In those cases, oncologists may refer their patients to private centres such as the Provis Infusion Clinic in downtown Toronto. Graham Vincent, the president of Provis, said his clinic is operated much like a hospital chemo day unit, with exacting standards for cleanliness and safety. Doctors, nurses and pharmacists − all of whom work most of their hours in the public health-care system − are always on site when patients are receiving chemo, Mr. Vincent added.

“I don’t think of IV therapy as something that needs to be regulated," Mr. Vincent added. "Where do you stop? What about home IVs? [The system] is doing thousands upon thousands of IVs in the home in a more uncontrolled environment.”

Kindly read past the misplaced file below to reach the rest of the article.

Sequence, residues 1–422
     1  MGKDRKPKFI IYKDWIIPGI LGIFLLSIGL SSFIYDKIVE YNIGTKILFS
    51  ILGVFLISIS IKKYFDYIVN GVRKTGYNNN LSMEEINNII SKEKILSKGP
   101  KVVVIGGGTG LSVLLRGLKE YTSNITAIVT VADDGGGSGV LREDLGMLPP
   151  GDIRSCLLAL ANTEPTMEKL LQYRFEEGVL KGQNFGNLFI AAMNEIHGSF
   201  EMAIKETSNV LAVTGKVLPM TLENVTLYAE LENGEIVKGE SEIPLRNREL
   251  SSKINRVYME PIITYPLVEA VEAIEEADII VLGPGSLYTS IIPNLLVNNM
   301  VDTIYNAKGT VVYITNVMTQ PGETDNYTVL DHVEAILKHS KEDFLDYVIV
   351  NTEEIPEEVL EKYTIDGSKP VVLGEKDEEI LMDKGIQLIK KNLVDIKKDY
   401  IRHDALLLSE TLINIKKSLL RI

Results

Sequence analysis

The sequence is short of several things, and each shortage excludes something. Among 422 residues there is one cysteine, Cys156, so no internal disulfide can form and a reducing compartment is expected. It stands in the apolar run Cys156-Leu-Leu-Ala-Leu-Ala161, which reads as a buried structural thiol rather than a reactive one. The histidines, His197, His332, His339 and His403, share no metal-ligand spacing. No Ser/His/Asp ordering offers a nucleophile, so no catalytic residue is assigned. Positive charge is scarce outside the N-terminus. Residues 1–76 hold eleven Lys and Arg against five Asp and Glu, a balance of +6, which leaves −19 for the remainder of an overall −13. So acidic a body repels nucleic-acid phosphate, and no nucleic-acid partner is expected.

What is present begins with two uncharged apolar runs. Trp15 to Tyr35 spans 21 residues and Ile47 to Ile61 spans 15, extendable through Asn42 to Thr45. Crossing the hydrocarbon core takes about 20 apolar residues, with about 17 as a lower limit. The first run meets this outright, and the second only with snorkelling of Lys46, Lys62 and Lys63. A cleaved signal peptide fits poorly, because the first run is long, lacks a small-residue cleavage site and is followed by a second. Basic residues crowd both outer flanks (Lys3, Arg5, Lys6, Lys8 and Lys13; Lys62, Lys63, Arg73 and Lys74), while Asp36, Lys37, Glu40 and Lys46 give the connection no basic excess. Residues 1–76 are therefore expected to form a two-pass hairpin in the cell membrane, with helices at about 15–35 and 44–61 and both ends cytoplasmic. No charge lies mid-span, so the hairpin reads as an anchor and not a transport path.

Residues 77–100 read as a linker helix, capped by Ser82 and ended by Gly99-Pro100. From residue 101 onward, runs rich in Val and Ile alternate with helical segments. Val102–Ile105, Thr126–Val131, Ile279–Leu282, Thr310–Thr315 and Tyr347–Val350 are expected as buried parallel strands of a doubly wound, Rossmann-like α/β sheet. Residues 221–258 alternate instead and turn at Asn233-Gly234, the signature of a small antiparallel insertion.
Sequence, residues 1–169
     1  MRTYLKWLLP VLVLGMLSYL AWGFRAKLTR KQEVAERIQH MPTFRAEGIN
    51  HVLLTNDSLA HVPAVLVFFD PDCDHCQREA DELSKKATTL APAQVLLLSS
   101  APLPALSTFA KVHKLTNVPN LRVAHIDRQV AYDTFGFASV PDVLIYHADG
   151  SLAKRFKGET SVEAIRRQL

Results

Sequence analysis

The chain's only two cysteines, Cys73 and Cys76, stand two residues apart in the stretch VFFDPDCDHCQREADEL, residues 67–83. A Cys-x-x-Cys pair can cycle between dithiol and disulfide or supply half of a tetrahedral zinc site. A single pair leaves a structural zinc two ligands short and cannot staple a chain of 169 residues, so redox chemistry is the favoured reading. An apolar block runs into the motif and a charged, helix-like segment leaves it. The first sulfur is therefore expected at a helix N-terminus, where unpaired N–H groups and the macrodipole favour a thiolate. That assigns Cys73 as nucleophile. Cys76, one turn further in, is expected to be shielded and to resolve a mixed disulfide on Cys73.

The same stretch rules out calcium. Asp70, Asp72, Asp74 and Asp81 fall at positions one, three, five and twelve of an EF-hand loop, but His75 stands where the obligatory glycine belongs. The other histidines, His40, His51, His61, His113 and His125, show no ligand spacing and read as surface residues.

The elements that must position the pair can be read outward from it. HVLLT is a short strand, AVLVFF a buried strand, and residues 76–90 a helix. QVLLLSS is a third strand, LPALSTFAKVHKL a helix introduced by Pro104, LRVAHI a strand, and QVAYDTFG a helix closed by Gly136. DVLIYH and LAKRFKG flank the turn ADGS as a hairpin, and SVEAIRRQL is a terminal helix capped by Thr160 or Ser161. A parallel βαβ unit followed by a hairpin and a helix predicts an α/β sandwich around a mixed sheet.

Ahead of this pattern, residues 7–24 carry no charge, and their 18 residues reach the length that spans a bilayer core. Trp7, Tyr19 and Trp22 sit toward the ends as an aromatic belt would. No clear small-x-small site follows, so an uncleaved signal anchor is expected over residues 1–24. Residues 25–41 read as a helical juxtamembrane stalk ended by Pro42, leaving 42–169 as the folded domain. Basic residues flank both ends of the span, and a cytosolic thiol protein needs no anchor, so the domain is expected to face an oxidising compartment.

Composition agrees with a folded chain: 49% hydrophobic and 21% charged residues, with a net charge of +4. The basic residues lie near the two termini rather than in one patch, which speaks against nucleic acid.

Still, in Cancer Care Ontario’s May 25, 2017, briefing note for the ministry, it warned that the lack of formal oversight at the clinics could pose risks: “Patients may be receiving treatment in private infusion clinics where concordance to CCO safe-handling guidelines (and other safety-related guidelines) are not assessed; patients may be receiving treatment in private infusion clinics that are not evidence-informed and not funded by CCO; patients may be receiving medications prepared by pharmacies within private infusion clinics that are not accredited by the [Ontario College of Pharmacists]; patients may be receiving chemotherapy when a physician is not on site to provide supervision.”

However, Leta Forbes, a medical oncologist with CCO and one of the co-authors of the briefing note, told The Globe in an interview that the cancer agency simply wants to ensure that private-clinic patients are receiving the same quality care they would at a hospital. “I would like to know that what’s happening in [public] cancer clinics is happening in these facilities. It quite possibly is, because we have to remember that most health-care professionals go into the business to deliver good care.”